What is happening at the empty units on this Norwich road?
A new chapter could be on the horizon for a shopping centre in Norwich which is plagued by several empty units.
The empty shops on Plumstead Road sit alongside popular businesses - Archers butchers, the Great Eastern Railway Models and Richardsons of Norwich - and opposite an Aldi supermarket.
Some have stood empty for months, with the road having been dealt a below in spring 2017 when the Budgens closesd. It left three units empty, one of which remains so.
The other two have been filled by an East Anglia’s Children’s Hospices charity shop, and woodburning stove business Norflame.
Popular hardware shop Richardsons of Norwich, which originally opened in the 1950s, is now also listed for sale, due to the owner’s wish to retire.
The property has been listed for just shy of £50,000.
Another unit, which has been empty for some months and is next to Rockafellas Barbershop and Tattoo Studio, was granted permission in September 2017 to become a hot food takeaway business.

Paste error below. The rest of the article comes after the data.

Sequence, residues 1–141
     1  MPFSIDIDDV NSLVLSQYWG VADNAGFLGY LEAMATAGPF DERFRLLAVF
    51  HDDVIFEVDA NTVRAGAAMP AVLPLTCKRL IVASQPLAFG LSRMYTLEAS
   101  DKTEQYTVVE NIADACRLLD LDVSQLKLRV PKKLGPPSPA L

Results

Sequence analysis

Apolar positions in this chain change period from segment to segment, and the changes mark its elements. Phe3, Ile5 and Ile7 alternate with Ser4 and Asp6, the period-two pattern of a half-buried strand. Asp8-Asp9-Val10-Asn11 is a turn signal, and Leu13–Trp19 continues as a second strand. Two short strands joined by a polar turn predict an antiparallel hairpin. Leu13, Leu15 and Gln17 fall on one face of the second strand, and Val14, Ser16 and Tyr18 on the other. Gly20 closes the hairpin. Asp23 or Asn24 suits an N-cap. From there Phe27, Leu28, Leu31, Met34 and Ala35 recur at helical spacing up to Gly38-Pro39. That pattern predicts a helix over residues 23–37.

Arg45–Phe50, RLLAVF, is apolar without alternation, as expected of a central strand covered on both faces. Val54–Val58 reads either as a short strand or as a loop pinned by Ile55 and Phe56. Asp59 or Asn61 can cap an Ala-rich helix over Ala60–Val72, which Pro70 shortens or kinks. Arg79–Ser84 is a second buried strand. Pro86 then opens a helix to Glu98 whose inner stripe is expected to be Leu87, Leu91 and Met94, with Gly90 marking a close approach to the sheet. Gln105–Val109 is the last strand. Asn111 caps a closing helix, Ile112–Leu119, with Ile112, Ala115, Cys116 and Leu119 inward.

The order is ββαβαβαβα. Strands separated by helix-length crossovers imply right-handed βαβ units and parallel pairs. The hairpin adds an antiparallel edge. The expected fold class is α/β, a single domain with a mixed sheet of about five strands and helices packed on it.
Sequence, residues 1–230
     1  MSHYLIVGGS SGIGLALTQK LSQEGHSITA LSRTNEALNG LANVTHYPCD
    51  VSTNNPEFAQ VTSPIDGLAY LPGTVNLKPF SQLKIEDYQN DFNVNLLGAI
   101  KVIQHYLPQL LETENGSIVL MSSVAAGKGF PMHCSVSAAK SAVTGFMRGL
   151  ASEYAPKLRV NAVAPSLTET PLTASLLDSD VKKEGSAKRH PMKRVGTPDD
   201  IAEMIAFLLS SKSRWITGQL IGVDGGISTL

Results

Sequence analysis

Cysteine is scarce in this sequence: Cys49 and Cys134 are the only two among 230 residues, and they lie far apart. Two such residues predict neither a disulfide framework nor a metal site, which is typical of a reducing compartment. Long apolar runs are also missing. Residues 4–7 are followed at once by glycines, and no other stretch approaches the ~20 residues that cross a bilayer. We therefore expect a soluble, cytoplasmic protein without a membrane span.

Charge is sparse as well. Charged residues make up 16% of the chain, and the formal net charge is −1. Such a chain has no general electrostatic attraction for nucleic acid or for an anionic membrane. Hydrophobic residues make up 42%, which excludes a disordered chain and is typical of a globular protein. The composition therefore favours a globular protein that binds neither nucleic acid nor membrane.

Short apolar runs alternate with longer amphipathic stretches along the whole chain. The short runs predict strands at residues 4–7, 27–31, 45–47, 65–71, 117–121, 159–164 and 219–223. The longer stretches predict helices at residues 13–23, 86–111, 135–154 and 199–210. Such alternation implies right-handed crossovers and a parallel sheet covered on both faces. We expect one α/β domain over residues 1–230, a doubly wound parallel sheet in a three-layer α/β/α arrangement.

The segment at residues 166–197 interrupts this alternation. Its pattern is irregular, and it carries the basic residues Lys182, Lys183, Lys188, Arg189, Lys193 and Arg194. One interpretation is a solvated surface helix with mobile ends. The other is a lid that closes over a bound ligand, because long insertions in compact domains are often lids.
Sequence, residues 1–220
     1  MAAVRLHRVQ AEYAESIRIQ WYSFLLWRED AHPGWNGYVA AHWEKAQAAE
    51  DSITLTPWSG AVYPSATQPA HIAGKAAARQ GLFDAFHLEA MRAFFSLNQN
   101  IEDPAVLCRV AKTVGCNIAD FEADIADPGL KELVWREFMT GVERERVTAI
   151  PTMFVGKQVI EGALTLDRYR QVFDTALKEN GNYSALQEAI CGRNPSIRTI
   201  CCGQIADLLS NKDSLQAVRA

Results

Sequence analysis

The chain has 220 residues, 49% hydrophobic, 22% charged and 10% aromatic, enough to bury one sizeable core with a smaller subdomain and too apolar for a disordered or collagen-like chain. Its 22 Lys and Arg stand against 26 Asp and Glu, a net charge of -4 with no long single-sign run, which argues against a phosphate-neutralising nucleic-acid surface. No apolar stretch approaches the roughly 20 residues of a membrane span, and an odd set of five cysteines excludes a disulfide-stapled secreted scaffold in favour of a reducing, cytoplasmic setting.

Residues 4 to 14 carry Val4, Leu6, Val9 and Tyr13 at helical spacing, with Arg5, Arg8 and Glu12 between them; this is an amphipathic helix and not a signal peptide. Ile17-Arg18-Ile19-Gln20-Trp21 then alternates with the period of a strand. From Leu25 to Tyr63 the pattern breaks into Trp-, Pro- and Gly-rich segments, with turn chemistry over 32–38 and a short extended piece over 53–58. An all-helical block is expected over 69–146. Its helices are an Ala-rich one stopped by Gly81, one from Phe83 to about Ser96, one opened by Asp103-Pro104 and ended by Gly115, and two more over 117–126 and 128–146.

Last week, the council gave the go-ahead to a bid, submitted by Joshu Kurian, to introduce an awning to the front of the unit, and an external extraction flue, suggesting work may be on the horizon.
A report by a council officer said: “The awning will facilitate the use of the area to the front of the unit for outdoor seating, however the noise generated by patrons will not result in significant harm being caused.”
And another application was submitted to the city council in October to turn part of an existing car park to the back of the row of shops into a car wash.
The bid by the Redeemed Christian Church of God, which operates from another building behind the shops, would also see a pay and display car park area installed.
And Ian Thorburn, a commercial property surveyor, said there were soon likely to be more developments on the road, which is also home to a bookmakers, pizza shop and independent hairdressers.
On two neighbouring empty units towards the end of the centre, near the petrol station, he said there had been interest from more than one party over taking them on.
At another, a former mobile phone shop, a deal is likely to be signed imminently, possibly even this week. Mr Thorburn couldn’t reveal details over who would be taking it on, but said it was a retail business.
A third empty unit is set to undergo significant repairs and soon be put on the market.
But he said planning policy needed to be reshaped to be kept up with changing retail demands. Earlier this year, he said an application for a fish and chip shop on the road had been turned down because the city council feared it would have led to too many non-retail units.
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